A Powerful New and Very Old Way of Preserving Vegetables


I have always been amazed at how people knew what they needed to know way before the internet, scientific studies ... even the written word.

Indigenous people of the Amazon plant a tree that is easy to climb next to one that is thorny, nearly impossible to climb, but bears sweet fruit.  They know not only when to return to harvest the fruit but how to find the tree again. 

The quest for nutritious food is timeless, but the rules-of-the-game change.  Today, for most people, it is about finding the most-reliable information.

There is no quick fix or shortcut to health, however, an impressive body of evidence suggests that a digestive system rich in the right type of bacteria creates the proper foundation.  Fermented foods can maintain and even improve this foundation.  The most compelling part of this subject is that it has both history and modern science on its side.  People throughout the world have been eating and drinking them for thousands of years.   Dairy products such as buttermilk and yogurt are common but soybeans, rice, certain cereals and various raw vegetables are also used.  This post focuses solely on the latter.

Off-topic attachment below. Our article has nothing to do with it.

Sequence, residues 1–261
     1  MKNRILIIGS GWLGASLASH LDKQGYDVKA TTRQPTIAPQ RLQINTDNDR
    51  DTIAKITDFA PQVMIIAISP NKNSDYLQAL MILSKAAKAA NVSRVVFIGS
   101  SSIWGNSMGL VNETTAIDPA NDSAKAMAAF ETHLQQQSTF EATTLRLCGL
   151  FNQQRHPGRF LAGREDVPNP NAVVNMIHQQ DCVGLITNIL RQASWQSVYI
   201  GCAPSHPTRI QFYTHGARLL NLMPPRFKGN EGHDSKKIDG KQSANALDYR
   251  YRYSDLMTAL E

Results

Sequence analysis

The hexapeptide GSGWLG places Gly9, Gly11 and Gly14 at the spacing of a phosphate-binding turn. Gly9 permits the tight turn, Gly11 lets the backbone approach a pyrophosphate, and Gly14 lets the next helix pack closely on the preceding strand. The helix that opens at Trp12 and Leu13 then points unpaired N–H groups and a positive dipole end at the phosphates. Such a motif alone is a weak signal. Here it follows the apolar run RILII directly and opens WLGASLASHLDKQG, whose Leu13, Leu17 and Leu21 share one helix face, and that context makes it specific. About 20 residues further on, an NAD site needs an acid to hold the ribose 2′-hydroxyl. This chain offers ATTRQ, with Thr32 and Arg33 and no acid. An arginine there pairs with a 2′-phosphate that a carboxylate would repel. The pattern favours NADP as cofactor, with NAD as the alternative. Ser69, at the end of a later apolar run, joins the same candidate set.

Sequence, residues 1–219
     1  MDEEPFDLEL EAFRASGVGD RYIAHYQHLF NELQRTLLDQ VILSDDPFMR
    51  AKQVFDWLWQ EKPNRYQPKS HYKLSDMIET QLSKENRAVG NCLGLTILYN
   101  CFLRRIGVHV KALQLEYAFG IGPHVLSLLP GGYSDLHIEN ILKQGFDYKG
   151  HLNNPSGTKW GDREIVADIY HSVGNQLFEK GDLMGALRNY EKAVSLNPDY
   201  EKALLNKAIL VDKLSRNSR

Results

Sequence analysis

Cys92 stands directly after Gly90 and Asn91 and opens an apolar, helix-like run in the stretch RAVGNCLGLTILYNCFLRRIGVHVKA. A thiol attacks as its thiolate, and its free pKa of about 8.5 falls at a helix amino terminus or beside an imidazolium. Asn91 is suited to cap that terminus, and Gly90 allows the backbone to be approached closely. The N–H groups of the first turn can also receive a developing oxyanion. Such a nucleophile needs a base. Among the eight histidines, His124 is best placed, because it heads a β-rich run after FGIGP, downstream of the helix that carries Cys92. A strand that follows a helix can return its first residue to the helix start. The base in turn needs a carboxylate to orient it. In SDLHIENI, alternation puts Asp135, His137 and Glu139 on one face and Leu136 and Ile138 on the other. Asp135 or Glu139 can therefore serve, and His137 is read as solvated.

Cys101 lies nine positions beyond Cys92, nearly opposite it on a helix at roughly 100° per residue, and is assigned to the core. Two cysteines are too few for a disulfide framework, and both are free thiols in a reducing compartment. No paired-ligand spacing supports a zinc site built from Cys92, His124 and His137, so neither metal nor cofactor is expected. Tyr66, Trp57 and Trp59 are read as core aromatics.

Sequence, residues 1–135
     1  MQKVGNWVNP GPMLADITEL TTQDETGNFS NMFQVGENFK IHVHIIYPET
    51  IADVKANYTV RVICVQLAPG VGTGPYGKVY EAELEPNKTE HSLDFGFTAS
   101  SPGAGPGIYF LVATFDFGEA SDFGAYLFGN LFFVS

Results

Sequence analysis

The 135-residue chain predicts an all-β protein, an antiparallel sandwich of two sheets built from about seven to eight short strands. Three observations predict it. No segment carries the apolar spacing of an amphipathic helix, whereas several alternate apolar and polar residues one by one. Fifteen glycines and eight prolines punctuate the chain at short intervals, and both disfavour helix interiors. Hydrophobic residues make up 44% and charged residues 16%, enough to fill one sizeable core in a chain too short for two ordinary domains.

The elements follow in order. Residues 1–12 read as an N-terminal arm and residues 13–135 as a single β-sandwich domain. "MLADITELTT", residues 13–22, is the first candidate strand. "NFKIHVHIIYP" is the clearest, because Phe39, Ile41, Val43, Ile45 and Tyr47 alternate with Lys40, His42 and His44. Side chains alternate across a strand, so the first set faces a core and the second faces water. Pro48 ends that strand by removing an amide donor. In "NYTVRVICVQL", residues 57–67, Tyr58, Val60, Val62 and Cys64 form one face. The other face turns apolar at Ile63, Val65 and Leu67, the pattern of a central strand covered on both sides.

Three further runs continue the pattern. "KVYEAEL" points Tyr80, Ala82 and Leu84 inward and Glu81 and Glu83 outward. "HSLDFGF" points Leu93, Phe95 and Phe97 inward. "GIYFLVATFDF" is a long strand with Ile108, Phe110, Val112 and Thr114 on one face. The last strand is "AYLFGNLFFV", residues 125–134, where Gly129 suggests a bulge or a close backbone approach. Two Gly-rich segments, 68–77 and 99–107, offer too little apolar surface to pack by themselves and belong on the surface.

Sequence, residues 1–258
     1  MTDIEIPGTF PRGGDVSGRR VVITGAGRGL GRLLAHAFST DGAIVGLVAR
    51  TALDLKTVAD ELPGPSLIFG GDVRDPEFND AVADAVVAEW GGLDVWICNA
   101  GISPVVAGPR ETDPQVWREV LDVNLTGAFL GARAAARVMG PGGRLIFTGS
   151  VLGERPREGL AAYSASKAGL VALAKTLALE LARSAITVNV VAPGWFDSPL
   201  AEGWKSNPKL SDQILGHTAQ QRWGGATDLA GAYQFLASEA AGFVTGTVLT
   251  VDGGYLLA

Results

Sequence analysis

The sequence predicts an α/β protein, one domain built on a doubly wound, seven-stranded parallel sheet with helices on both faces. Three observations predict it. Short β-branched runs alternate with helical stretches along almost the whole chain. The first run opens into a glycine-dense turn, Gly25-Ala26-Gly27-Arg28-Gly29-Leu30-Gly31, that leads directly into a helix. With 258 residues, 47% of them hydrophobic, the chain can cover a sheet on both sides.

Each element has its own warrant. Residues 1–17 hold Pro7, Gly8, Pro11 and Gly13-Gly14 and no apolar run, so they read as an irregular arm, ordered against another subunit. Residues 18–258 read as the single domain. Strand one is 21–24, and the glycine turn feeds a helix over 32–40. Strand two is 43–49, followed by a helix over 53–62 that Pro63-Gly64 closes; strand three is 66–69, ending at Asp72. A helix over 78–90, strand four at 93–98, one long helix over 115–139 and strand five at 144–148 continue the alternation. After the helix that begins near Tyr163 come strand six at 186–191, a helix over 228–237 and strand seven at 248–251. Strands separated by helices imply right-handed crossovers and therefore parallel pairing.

Fermented foods fit great with the rural lifestyle.  We value home-grown or locally-grown food.  We preserve food.  We are self-reliant and proactive.  If we need an outbuilding, we build it.  If we need food, we grow it.  When it comes to preventative healthcare, why not take the same approach?

Here is how I understand the fermentation works.  The starches and sugars in the veggies create a lactic-acid bacteria which also yields digestive enzymes.  In its new form, the nutrients in the food are not only greater but more readily absorbed -- or used -- by the body.

4/21/2013 1:37:37 PM

It appears that the issues with the GRIT landing page and comment section has been resolved. I'm looking forward to hearing about what has been happening on your gardening/homestead this last month. May GRIT blogs live and prosper.

12/4/2012 12:50:22 AM

Scott, welcome to the GRIT blogging community. Now that the gardening cycle is over folks are bringing their food ideas to bear. Fermentation is kind of mystery to me. You have simplified it some what. I've always heard the fermented food was good for digestion and it was good for health in general. I have saved many glass gallon jars that were pickle jars. It sounds like they would be perfect for fermentation. I didn't know that rice could be fermented. I'll have to seriously think about doing some fermenting. Have a great fermentation day.

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